Seafood lovers be warned. That delectable slab of seared tuna on your plate soon could become a lot smaller — and more scarce — thanks to climate change.
Paul Pavol lives in Pomio, an area on the southern edge of Papua New Guinea where old-growth rainforests were once abundant. “Forest is our wholesale. Forest is our timber yard. Forest is our freezer. Forest is our supplier,” he said. “It was free for us.”
Arizona civil engineer Mo Ehsani thinks he has the answer to the global coral bleaching crisis — a pipe that delivers cool water to stressed corals.
The Smithsonian Institution calls coralline algae “the unsung architects of coral reefs.” These pink-colored seaweed, with a skeletal structure that resembles honeycomb, live in harmony with coral.
There’s an old childhood ditty about eating beans that starts off “beans, beans, they’re good for your heart,” and ends with a snicker-inducing line about their other well-known effects — (rhymes with “heart”).
During October, 2015, it was abnormally hot in San Diego. Daytime temperatures soared into the high 90s, and evenings were only modestly cooler. Night after night, the heat kept Nick Obradovich awake. His friends and colleagues were having the same experience, sleepless at night, lethargic and grumpy during the day.…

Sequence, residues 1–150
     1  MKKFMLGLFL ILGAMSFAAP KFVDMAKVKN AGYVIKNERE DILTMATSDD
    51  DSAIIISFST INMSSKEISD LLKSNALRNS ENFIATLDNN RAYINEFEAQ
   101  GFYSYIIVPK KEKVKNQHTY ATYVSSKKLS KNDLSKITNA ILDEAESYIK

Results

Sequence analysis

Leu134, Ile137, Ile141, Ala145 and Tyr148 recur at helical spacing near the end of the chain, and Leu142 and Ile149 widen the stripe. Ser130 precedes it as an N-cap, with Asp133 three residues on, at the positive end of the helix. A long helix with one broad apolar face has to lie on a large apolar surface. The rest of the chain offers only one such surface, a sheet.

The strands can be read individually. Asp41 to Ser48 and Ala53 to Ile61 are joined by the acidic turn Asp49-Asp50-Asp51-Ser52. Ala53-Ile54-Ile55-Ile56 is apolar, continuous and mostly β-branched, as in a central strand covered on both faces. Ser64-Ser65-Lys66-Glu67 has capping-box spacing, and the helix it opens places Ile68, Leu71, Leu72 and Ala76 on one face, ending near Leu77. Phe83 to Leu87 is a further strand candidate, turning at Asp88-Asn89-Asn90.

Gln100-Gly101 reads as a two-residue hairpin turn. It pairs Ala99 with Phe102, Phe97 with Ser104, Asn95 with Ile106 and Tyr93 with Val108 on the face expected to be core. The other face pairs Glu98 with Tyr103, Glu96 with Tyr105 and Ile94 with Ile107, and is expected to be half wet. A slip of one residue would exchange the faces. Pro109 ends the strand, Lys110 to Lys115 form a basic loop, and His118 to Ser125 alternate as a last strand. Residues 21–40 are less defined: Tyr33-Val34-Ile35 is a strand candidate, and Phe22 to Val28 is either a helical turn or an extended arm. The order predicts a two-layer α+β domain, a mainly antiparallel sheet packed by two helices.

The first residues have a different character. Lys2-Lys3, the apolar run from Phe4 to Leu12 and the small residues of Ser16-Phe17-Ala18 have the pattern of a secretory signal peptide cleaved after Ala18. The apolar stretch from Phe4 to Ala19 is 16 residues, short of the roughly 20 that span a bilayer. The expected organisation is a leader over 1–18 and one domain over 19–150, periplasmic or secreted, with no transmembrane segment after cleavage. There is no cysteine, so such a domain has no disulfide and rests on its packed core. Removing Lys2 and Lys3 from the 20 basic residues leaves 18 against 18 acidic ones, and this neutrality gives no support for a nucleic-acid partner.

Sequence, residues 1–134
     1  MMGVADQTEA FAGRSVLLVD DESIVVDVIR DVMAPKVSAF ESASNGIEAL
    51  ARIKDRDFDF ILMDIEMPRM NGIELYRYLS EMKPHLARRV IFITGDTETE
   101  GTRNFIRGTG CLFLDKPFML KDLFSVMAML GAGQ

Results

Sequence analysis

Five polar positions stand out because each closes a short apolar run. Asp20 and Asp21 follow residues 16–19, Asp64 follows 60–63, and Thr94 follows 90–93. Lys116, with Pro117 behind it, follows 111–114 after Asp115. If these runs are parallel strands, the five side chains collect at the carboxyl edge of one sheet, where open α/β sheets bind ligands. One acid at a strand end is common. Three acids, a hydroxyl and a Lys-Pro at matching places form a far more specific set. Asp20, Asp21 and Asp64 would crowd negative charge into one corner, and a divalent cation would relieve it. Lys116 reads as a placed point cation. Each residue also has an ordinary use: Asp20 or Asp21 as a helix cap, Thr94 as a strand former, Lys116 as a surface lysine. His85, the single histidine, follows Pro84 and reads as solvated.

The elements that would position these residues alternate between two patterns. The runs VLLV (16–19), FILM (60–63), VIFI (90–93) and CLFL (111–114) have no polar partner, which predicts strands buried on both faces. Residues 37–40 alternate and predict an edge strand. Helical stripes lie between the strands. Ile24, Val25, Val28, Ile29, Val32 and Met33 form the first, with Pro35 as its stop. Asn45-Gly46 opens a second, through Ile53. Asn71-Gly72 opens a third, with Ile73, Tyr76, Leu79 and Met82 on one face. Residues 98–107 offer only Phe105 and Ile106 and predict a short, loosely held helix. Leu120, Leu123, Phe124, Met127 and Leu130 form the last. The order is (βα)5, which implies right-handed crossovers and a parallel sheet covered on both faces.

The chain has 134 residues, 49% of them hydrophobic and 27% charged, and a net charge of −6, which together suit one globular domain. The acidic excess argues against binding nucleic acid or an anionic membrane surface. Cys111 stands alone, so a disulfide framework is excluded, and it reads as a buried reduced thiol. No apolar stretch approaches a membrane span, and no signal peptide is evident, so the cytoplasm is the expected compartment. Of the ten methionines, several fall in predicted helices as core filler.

We often talk about how climate change exacerbates social and economic inequality, but rarely do we consider the opposite: that inequality itself can be a driver of climate change.
President Trump’s efforts to undermine U.S. climate action come at a critical time. While nations are making progress in the fight against global warming, carbon emissions are not falling quickly enough to maintain a stable climate.
Last summer, about a dozen high school and college students fanned out across the South Bronx and Brooklyn into four neighborhoods heavily trafficked by waste-hauling trucks. They counted the trucks and used special wearable monitors to test air quality. Not surprisingly, the more trucks, the dirtier the air.
Melting from glaciers and permafrost was not kind to the large animals of the last Ice Age.
When rising waters from superstorms like Katrina or Sandy inundate heavily populated coastal communities, vast numbers of people will abandon their destroyed homes and flee for safety and shelter elsewhere.
Where will they go — and how will their destination cities cope with them?
That’s the focus of a new study that…